A lot has changed over the years with technology, style, performance and price – but the one common denominator through it all has been how the motorcycle influences me. The people involved within the industry – whether professional racers, moto-journalists, photographers, builders or enthusiasts all have an impact on our perception of this sport, but it’s the motorcycle that pulls it all together and brings it all to life. I ride motorcycles for transportation, recreation and meditation. It isn’t a hobby – it’s a passion, and with passion comes inspiration. That feeling I had the first time I let the clutch out, when motion turned into emotion, was truly a memorable moment. Although the reason I ride has evolved into a more complex explanation, it can always be broken down into passion.

No matter what you ride, remember why you ride. As I get older it has become apparent this is my fountain of youth, because when you’re young you don’t think in those terms. Riding motorcycles allows me to never lose that feeling of letting the clutch out for the first time and it’s also a vehicle from which to reflect on all of the miles and memories I’ve experienced over the years. We all have something we’re passionate about and mine just happens to be motorcycles. I wouldn’t change it for the world and I would do it all over again given the chance. Well, maybe I would change one thing; I would probably have taken a different line in that corner back in 1987.

Twists and Turns

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This road I’m on, much like a book, has a story to tell. Whether built out of commerce or curiosity, it is here to take me to a place only the author knows of. Each chapter changes as the storyline becomes real. The harder the road is to build, the better the story gets, and it takes longer for the story to be written than ridden, so like a good book it will have its ups and downs and whirlwinds of emotion, taking us chapter by chapter until we reach the end. We can feel the hard work the author experienced and we can see his intentions of bringing this book to life. So we ride on.

Traveling through the hills and valleys on a motorcycle can tell us of the trials and tribulations of building a road this difficult. I can appreciate the difficulty and both the builder and I know that it isn’t easy to finish something that can withstand the test of time. His way of bringing the landscape to life with the sweat of his brow gives all that read his book the best seat in the house. Like every story, you can always flip back through the pages to read certain passages over and over, and as this road twists and turns, I may have to return to ride this road again. It’s that good.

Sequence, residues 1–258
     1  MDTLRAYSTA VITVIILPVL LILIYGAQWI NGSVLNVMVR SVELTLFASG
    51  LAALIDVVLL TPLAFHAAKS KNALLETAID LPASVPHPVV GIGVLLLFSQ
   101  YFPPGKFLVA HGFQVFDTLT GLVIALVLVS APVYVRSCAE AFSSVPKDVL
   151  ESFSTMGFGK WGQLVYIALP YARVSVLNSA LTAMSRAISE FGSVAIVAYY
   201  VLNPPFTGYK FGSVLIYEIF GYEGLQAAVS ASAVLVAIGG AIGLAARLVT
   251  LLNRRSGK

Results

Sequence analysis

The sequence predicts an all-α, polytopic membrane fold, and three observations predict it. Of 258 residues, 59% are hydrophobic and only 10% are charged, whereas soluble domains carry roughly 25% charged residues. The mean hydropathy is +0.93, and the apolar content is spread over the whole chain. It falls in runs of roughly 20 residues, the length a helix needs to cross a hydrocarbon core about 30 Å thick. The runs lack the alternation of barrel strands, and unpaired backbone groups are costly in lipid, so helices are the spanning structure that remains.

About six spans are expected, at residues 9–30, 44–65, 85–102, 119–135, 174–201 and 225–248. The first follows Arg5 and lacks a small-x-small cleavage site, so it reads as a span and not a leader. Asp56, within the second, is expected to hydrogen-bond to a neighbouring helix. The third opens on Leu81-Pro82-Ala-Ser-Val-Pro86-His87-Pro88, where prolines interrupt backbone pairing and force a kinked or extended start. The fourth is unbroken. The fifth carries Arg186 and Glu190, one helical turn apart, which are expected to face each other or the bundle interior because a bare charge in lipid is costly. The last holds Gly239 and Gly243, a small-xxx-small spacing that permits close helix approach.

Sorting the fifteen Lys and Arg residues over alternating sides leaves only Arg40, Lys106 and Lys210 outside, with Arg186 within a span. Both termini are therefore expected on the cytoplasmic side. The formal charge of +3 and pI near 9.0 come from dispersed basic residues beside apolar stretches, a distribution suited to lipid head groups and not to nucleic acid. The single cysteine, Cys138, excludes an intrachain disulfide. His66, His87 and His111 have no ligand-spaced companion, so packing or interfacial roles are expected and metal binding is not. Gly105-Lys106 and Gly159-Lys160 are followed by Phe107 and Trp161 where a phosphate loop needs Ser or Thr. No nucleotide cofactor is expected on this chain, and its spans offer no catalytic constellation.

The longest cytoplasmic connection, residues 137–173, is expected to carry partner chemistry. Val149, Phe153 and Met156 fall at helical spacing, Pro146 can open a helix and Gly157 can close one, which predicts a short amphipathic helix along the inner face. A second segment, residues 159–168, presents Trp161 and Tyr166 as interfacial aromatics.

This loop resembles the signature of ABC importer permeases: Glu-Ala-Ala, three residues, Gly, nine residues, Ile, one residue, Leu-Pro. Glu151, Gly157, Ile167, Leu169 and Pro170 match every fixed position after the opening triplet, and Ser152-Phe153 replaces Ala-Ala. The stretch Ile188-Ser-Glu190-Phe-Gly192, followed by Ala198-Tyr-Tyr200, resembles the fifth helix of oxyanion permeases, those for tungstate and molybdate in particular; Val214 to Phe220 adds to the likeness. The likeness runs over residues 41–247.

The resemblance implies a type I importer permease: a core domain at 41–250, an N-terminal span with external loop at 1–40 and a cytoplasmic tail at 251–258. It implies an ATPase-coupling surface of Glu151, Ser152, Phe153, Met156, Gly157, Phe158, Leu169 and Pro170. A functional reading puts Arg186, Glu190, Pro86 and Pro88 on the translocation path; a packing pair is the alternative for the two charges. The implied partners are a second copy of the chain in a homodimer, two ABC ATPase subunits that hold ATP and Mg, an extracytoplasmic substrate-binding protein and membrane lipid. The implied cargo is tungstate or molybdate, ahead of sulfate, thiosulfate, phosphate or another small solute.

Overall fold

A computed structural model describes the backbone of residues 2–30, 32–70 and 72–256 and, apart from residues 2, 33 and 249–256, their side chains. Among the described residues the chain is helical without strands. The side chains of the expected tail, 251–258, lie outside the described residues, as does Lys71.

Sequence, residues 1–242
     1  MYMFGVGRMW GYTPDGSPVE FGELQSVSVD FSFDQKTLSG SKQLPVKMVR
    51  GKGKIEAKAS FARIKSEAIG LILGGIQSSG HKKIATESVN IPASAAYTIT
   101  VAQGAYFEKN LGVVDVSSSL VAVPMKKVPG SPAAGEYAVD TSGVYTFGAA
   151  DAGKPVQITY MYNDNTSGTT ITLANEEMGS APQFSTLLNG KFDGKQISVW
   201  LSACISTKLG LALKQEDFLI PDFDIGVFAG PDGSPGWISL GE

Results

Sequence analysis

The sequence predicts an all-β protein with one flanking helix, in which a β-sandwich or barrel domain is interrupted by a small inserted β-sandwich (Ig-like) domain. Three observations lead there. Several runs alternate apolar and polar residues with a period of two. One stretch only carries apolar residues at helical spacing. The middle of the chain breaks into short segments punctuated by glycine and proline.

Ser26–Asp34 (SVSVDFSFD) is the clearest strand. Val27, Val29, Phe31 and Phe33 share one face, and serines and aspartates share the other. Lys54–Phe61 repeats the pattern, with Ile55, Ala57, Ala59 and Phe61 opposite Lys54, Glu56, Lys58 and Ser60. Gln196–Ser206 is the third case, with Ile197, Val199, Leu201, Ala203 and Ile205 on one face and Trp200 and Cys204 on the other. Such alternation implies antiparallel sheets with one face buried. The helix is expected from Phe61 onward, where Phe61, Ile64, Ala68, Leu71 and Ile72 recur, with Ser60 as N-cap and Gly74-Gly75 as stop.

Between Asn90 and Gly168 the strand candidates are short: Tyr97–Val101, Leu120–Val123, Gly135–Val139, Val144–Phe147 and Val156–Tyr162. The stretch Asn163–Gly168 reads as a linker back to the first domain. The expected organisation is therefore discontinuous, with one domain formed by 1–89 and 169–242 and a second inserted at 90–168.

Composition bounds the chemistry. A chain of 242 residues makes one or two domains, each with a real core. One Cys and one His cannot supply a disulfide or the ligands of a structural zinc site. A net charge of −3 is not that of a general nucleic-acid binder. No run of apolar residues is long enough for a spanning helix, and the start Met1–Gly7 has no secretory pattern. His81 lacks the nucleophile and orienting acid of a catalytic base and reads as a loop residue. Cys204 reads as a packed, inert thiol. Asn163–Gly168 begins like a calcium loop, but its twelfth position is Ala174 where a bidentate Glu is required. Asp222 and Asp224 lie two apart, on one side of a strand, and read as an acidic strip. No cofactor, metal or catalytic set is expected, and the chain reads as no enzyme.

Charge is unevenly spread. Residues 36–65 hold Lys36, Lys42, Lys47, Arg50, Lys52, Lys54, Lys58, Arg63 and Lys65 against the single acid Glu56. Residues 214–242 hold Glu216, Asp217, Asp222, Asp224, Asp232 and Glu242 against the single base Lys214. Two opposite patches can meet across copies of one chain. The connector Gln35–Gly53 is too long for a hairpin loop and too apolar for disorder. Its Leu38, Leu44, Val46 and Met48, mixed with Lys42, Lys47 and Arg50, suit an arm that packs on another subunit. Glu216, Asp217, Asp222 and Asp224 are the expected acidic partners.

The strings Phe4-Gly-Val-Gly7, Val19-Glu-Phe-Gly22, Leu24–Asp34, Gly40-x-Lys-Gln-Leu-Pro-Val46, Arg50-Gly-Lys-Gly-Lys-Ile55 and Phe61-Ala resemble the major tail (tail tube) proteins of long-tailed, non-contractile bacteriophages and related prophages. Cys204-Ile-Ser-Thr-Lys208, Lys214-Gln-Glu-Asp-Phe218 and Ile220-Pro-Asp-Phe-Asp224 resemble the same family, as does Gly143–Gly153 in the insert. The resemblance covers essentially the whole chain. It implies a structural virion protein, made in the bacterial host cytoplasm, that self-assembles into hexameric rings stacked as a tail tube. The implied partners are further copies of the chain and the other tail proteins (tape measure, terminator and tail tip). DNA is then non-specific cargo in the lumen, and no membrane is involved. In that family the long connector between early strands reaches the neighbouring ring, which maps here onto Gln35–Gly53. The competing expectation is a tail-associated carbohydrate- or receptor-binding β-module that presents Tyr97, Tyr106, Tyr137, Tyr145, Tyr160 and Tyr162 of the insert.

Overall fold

Who knows how this ride will end? The suspense is building and the road only gets better. The way the author placed the sunset in just the right place and the tree line of pines with just the right amount of backdrop. Beautiful in a way, that only the one who had a hand in building this road could do. He must have been a motorcyclist as the curves come at the right time and it all seems intentional. This must not be his first time of building suspense and putting us in a place of his choosing. But we are here, immersed in his interpretation, and I think I know where this story is going to end; I think.

As you would expect, this book ends with a happy ending. I’m glad this story ended the way it did, and it has only added to my experience and imagination. I will ride this road again and I’m sure I will pick up something I didn’t see the first time and as all stories go, it leaves us in a better place. Much like a road we discover, regardless of having ridden it before, something as simple as the seasons changing can put a new twist on the story. Whether you ride a motorcycle or not, ride the “Story of Life” and see where it takes you. If nothing else, the ending may surprise you.

A Guiding Light

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The night has come. Too soon for me but it is what it is and I must keep going. It’s not often we ride into the night but the full moon is pulling me West beyond any control I have. It’s mesmerizing. I can’t look away. As if hypnotized by a cheap magician at the circus trying to get me to reveal some inner most secrets for all the world to see. It is big and beautiful but I must watch the road for any dangers that might present itself. But while I’m at it, I let the flood of memories hit me, and boy do they hit hard.